This morning was supposed to be fun. A 40-mile bike ride from West Rock (which denotes one side of New Haven) round about to East Rock (which denotes the other).
It was supposed to be fun.
The weather did not cooperate.
Rain was coming down moderately heavily when I headed out the door at 8:15. By “moderately” I mean that drivers would have their windshield wipers full on, not running intermittently. I was wearing bike shorts with tights over them, a bike jersey with a water-resistant high-vis jacket, good bike shoes and my helmet, and fingerless mesh gloves. The temperature was 42(F).
The gloves were a mistake.
In my bag, I had food, misc repair equipment, glucose, insulin, and a lightweight but warm wool sweater that has become my ride companion spring and fall for over a decade now.
When I got to the start, five miles on, I put on the sweater since the jacket was getting soaked through.
At 9:00, we kicked off. There were fewer riders than expected on account of the rain–something like 30 instead of 120–but we were all game for the challenge, and I knew that we were going to see some beautiful scenery. There were some nice bikes, include a Masi and a drop-dead gorgeous light-blue Rivendell that was in full Riv mode, down to the lugged stem, Riv bottles, and smooth Honsho fenders. Full Campy Record, of course. The owner told me it was a “Curt-built” bike that he had bought used, and that he had about 50 bikes.
The rain was supposed to stop and the temperature to climb, so we were all excited about the morning’s ride.
So we started out, cruising along around 14-16 MPH. Puddles were dangers, not because of the water, but because a puddle in the rain can conceal a pothole, so everyone was careful and their was much signalling. We were followed by a broom wagon, an SUV with a bike rack in case someone needed to abort.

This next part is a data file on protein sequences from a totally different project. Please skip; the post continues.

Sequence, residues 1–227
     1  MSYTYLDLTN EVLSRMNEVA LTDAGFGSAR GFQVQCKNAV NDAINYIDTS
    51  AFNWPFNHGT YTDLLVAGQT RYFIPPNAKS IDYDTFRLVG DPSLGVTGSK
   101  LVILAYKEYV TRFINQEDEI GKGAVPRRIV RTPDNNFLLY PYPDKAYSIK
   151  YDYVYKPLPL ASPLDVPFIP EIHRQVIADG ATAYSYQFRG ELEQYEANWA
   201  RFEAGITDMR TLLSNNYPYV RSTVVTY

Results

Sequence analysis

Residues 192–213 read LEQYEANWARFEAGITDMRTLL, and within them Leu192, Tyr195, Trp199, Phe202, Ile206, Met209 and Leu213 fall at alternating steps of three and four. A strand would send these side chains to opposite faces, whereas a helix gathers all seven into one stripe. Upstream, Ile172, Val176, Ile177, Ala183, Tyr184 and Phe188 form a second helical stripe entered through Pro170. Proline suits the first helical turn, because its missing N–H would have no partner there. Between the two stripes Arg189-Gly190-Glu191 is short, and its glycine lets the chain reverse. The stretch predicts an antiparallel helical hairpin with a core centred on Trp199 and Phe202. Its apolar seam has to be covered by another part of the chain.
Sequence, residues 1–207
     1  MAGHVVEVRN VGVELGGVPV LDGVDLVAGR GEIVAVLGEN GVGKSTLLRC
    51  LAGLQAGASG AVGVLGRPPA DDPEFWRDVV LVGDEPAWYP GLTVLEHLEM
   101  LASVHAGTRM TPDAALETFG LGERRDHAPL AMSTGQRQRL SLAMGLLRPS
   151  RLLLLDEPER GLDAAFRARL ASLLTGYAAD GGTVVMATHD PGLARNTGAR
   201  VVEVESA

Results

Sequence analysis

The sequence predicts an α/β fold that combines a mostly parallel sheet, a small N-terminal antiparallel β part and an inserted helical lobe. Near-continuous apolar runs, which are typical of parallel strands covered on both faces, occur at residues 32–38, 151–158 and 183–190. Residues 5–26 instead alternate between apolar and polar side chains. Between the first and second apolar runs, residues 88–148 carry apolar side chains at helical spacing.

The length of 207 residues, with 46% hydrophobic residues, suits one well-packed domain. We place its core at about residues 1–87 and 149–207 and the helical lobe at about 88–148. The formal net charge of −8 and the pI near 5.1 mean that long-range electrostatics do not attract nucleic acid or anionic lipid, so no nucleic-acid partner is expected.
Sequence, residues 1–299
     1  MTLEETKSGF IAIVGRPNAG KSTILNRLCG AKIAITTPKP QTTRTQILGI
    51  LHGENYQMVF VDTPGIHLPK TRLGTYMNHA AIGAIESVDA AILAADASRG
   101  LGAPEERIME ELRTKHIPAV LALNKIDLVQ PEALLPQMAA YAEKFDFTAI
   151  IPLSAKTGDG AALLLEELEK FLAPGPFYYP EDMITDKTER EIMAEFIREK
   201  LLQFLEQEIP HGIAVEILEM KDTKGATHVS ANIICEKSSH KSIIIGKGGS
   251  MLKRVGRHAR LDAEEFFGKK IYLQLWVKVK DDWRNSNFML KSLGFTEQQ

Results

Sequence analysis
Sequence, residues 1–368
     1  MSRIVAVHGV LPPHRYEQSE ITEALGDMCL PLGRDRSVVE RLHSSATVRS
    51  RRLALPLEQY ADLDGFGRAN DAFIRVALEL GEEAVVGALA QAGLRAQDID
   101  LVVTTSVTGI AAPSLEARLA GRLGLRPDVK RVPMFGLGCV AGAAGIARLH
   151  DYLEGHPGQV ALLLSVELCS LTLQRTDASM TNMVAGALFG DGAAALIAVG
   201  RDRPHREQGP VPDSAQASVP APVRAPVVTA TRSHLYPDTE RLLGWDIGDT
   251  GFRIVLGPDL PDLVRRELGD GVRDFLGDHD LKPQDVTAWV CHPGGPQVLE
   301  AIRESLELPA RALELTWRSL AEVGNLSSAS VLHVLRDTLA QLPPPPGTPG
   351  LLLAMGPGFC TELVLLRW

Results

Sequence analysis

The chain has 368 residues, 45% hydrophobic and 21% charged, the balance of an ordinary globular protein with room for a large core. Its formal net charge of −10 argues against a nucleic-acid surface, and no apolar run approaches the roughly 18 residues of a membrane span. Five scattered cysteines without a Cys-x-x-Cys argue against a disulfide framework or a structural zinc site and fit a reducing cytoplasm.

The rain continued, waxing and waning, but the temperature stayed low. For the most part, I felt OK. My hands were the most exposed part of my body, and felt a bit wet as the gloves soaked through, but the fenders kept the dirtiest part of the water off me, which was nice.
This is the point at which I note that the Honsho-clad Rivendell did not have mudflaps. And at which I repeat the old adage–fenders are for you. Mud flaps are for your friends. The Riv sprayed any rider behind it was a nice rooster tail of wet junk from the road.
Side note: I have long been a fan of mudflaps, particularly Planet Bike “Cascadia” flaps. These are available in a number of sizes, and I have fit them to various fenders over the years. Last night I finally decided to try putting aluminum fenders on my VO Rando (it currently rocks some SKS P35s–with added Cascadias–but I found a deal too good to refuse) and ordered a matching set of Cascadia mudflaps from Planet Bike. They’re only $5 and shipping is free, and they’re not hard to install. Trust me: your ride buddies will thank you.